Discontent has been seized on by populists on the proper and left. The laborious proper Alternative for Germany has put up posters in the town with the slogan: “If PCK dies, so does Schwedt”.

Chancellor Olaf Scholz insists the authorities is working to safeguard PCK’s future. Officials have promised that it’s going to proceed to course of oil subsequent yr and in 2024 and that jobs can be protected.

“Tabakbrunnen” at the Vierradener Platz, Schwedt.
Schwedt, in Brandenburg state, embodied the shut ties between Moscow and the GDR © Hannes Jung/FT

Schwedt, Brandenburg, Germany
Citizens from throughout the GDR helped to rebuild the town after the second world warfare © Hannes Jung/FT

To that finish they’re exploring other ways of supplying the refinery, principally through a pipeline from the northeastern port of Rostock.

But Koeppen, the MP, mentioned that received’t clear up the downside. The pipeline can ship solely 19,000 of the 32,000 tonnes a day of oil that PCK wants, he mentioned.

“Rostock port is also not deep enough to accept oil tankers,” he mentioned. The oil must be imported into Wilhelmshaven on the North Sea and transferred on to smaller ships, he added. “And we don’t have the ships.”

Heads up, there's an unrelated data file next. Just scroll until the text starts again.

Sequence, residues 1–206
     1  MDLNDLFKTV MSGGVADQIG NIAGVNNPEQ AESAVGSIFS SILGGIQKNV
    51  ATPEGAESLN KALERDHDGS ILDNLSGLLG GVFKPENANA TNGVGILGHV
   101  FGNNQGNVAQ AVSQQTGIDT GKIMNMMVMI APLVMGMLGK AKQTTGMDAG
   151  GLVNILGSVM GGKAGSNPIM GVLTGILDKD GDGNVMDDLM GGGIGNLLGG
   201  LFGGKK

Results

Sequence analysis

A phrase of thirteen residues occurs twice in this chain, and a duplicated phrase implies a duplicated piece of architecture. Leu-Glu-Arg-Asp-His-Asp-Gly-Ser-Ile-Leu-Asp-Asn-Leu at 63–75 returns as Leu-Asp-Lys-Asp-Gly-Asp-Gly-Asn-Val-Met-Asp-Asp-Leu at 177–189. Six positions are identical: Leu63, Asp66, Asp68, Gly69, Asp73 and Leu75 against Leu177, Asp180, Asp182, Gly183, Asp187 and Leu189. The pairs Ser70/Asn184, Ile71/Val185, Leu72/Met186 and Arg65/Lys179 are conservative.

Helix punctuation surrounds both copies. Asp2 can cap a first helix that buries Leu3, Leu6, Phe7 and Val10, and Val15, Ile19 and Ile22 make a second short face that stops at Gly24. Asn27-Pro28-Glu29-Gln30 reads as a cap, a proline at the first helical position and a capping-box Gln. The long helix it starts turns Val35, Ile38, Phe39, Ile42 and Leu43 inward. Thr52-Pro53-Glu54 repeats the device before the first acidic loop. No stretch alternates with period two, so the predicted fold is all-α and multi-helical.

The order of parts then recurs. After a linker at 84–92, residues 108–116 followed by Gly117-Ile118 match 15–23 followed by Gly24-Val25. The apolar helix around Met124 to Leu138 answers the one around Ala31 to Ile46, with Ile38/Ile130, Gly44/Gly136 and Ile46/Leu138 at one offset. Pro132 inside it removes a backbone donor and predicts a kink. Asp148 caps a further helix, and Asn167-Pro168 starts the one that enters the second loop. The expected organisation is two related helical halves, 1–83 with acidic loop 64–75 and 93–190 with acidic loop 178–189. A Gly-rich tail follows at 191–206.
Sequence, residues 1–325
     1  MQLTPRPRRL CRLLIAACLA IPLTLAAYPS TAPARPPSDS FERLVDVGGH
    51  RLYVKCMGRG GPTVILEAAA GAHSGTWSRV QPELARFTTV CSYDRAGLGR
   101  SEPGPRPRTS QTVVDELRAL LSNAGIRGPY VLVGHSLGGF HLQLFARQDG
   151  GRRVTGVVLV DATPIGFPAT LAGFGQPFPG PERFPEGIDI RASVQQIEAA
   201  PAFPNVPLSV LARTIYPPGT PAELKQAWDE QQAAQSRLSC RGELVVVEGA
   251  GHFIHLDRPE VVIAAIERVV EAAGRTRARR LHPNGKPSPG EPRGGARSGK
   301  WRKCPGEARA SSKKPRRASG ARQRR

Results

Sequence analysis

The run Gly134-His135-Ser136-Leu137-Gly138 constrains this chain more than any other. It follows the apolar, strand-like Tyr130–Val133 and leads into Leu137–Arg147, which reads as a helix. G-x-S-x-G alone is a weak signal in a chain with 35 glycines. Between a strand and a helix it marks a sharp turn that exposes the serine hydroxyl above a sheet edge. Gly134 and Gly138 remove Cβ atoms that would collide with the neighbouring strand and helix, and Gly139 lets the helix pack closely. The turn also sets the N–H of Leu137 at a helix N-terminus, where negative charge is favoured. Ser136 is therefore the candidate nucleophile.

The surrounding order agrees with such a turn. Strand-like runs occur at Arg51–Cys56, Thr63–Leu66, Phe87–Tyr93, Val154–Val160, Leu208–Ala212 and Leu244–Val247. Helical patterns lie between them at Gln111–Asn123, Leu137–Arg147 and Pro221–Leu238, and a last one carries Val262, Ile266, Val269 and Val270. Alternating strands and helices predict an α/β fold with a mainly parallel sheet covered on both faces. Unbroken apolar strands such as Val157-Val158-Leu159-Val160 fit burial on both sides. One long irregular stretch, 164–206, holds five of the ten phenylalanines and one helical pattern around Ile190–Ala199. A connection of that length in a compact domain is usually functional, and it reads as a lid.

PCK additionally hopes to obtain oil from Kazakhstan, and is wanting into provides through the Polish port of Gdansk. “But the Poles say they don’t want to supply us while the plant is still owned by Rosneft,” mentioned a employee at PCK, who declined to be named. “And we can’t just brush that aside.”

Longer-term Berlin desires to safe PCK’s future by reworking it right into a “green refinery”. Two firms — Enertrag, a wind power agency, and Verbio, a biofuels producer that already has operations in Schwedt — have expressed an curiosity in taking stakes in PCK.

Hoppe mentioned with their involvement, the refinery might produce “green hydrogen” which may very well be mixed with CO₂ captured from the environment to make sustainable artificial fuels — together with “e-kerosene” for planes.

But it should take years for PCK to make the transition. Meanwhile, an oil embargo looms that would have fateful short-term penalties for the refinery.

“Three months have passed [since the embargo was agreed] and we’re still hearing the same promises,” mentioned Hoppe. “Time is running out.”